Chicago Trip Recap, Part 3: Topolobampo

As promised in my Chicago trip recap part 2, I will devote a whole post to my meal at Topolobampo, Rick Bayless’ fine-dining restaurant. S, his sister V, and I were really excited to visit, and yes, we still wanted Mexican food after eating a huge meal at Frontera Grill just a day before.

Topolobampo

Unlike most other fine-dining establishments that we’ve visited, one thing that we loved about Topolobampo was its lively atmosphere. There was music, plenty of lighting (do I hear a collective “yay!” from my fellow food bloggers?), and a nice, steady stream of chatter. It wasn’t noisy by any means, but there wasn’t a stifling quietness that often accompanies nice restaurants.

Cucumber-Lime Drink & Topolo Margarita

Cucumber-Lime Drink & Topolo Margarita

Couldn’t resist starting off with some drinks! V had a cucumber-lime drink (non-alcoholic), and I got a Topolo margarita – both were really nice and refreshing.

Their course system is very similar to that of Gary Danko – instead of separating the dishes into appetizers, entrées, and desserts, the items are separated into categories such as “Vibrant”, “Fresh”, “Complex”, etc. You can choose from any of the categories to make a 3, 5, or 7-course dinner. There’s also a Chef’s suggested “Perfect 7″. The three of us decided to each get a 5-course dinner, which is priced at $90, and share everything.

We got an amuse bouche to start… I wish I could remember what this all entailed, but I believe these were spiced melons.

Amuse bouche: spiced melons

Amuse bouche

Shortly after, we were presented with our first courses:

Summer Tomatoes, Yucatean Flavors: Leaning Shed farm baby tomato salad, modern sikil pak (fresh Lima beans, creamy pepitas, habanero, olive oil), clay baked torpea onions, habanero-lime dressing

Summer Tomatoes, Yucatean Flavors: Leaning Shed farm baby tomato salad, modern sikil pak (fresh Lima beans, creamy pepitas, habanero, olive oil), clay baked torpea onions, habanero-lime dressing

I had to look up what “sikil pak” was – apparently it’s a Mexican pumpkin-seed dip, and I loved it! It had a lightly spicy kick and was really nice and creamy. The summer tomatoes were also really fresh and delicious.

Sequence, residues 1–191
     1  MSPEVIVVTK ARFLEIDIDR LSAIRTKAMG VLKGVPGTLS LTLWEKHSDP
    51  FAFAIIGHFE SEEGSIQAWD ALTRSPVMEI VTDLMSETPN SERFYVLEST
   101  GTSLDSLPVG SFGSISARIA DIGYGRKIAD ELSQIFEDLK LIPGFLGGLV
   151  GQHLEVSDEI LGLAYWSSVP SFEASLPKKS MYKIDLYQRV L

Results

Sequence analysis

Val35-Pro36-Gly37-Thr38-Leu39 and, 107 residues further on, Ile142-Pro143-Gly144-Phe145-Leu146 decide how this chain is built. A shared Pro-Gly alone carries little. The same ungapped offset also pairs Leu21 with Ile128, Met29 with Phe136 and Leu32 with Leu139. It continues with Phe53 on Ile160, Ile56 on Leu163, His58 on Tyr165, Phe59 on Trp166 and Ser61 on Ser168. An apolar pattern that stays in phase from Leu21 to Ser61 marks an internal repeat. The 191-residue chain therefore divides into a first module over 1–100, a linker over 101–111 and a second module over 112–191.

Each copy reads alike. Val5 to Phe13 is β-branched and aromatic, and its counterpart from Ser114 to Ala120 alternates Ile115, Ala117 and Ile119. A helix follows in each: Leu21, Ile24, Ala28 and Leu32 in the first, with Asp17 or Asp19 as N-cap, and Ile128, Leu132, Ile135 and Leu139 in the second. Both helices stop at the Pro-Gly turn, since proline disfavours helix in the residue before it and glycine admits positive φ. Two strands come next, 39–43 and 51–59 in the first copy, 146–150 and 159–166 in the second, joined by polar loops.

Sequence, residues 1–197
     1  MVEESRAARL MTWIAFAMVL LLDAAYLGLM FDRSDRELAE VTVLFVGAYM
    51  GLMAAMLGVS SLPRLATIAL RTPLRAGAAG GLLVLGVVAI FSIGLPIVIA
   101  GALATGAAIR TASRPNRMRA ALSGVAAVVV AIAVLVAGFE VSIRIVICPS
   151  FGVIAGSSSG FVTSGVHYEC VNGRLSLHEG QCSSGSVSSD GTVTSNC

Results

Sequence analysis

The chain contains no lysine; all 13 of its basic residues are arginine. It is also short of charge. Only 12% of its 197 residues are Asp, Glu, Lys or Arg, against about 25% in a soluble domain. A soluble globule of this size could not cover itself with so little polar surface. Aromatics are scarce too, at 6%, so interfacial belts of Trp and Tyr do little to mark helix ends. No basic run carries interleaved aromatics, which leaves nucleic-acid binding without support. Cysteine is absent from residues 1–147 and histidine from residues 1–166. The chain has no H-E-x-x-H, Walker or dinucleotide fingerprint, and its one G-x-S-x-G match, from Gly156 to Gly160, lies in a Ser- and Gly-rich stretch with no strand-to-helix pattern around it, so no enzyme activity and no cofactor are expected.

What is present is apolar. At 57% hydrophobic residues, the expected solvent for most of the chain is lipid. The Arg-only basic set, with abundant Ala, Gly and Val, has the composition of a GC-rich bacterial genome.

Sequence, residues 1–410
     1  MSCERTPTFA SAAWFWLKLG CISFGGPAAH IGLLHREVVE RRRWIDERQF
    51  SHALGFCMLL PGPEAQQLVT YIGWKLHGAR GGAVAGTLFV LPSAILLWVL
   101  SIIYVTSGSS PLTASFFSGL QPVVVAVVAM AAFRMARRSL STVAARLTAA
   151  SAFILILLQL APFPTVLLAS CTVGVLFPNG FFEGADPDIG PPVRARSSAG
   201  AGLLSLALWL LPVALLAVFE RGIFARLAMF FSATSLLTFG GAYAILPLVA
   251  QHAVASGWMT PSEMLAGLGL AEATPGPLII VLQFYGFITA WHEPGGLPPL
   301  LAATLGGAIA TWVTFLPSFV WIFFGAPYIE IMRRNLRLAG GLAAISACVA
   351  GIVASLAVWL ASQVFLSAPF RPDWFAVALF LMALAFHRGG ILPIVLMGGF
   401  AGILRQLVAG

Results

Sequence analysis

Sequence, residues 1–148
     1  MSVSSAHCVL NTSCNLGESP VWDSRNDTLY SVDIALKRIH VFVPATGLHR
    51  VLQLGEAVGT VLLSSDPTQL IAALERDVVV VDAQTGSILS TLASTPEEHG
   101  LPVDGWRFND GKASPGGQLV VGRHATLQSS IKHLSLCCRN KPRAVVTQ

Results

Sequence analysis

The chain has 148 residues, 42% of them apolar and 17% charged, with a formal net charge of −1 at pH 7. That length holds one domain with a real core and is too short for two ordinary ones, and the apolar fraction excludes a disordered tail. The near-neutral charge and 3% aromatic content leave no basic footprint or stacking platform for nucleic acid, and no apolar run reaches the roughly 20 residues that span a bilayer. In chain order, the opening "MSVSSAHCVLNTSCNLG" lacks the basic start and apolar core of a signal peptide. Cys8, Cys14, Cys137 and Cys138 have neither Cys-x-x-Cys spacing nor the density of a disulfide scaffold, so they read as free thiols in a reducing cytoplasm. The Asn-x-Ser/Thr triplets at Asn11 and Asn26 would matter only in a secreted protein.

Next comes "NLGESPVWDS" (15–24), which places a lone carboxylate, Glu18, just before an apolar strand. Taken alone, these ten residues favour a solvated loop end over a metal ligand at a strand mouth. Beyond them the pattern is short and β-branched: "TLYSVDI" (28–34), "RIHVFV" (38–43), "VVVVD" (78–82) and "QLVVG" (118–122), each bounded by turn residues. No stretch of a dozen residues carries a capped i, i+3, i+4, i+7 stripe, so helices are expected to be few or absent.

Halibut Escabeche: sashimi-style wild Alaskan halibut, nineteenth century escabeche (homemade pineapple vinegar, garlic, black pepper, cumin, lime pieces, guero chile, black olive oil), local baby carrots, crispy capers

Halibut Escabeche: sashimi-style wild Alaskan halibut, nineteenth century escabeche (homemade pineapple vinegar, garlic, black pepper, cumin, lime pieces, guero chile, black olive oil), local baby carrots, crispy capers

The halibut was quite fresh, but I felt that the marinade was starting overpower the delicate fish. The crispy capers were amazing, though.

Scallops in Aguachile Verde: Viking Villa sashimi-grade scallops, ripe Klug farm peaches, refreshing raw tomatillo salsa (Serrano chile, rooftap lemon verbana, mint), conpoy (dried scallop), shiso

Scallops in Aguachile Verde: Viking Villa sashimi-grade scallops, ripe Klug farm peaches, refreshing raw tomatillo salsa (Serrano chile, rooftap lemon verbana, mint), conpoy (dried scallop), shiso

Again, I felt that the scallops were being overpowered a bit by the tart tomatillo salsa. However, I thought that the combo of the dried scallop with the fresh worked really well.

Moving on to course 2…

Herb-Green Mushroom Pozole: crispy oyster mushrooms, pozole corn, roasted local ramps, herby-tangy-sweet pozole verde (tomatillo, pumpkin seeds, serrano, herbs), creamy nixtamal emulsion

Herb-Green Mushroom Pozole: crispy oyster mushrooms, pozole corn, roasted local ramps, herby-tangy-sweet pozole verde (tomatillo, pumpkin seeds, serrano, herbs), creamy nixtamal emulsion

This dish pretty much summed up all of my favorite vegetables: mushrooms, corn, pumpkin seeds, serrano peppers. So my reaction to this was basically, YES. It did not disappoint.

Goat Barbacoa: Kilgus Farm Boer goat two ways (classic slow-cooked barbacoa, modern "pancetta"), creamy garbanzos, red chile-infused braising juices, City Farm yuong radishes and other fresh garnishes

Goat Barbacoa: Kilgus Farm Boer goat two ways (classic slow-cooked barbacoa, modern “pancetta”), creamy garbanzos, red chile-infused braising juices, City Farm young radishes and other fresh garnishes

Goat barbacoa was one of the things that S’s labmate, who is from Mexico, recommended us to try if we had a chance. We really liked this – the goat had its characteristic gamey taste but just enough of it, the broth and flavors were rich and hearty. I’d never been a big fan of garbanzo beans, but these were actually quite good.

Chile en Nogada: roasted poblano chile, savory-sweet picadillo filling of trumpet mushrooms, local fruits and vegetables (tomato, apples, plums, pattypan squash), sweet spices & saffron, Nogada sauce (walnut, almond, sherry, crema, goat cheese)

Chile en Nogada: roasted poblano chile, savory-sweet picadillo filling of trumpet mushrooms, local fruits and vegetables (tomato, apples, plums, pattypan squash), sweet spices & saffron, Nogada sauce (walnut, almond, sherry, crema, goat cheese)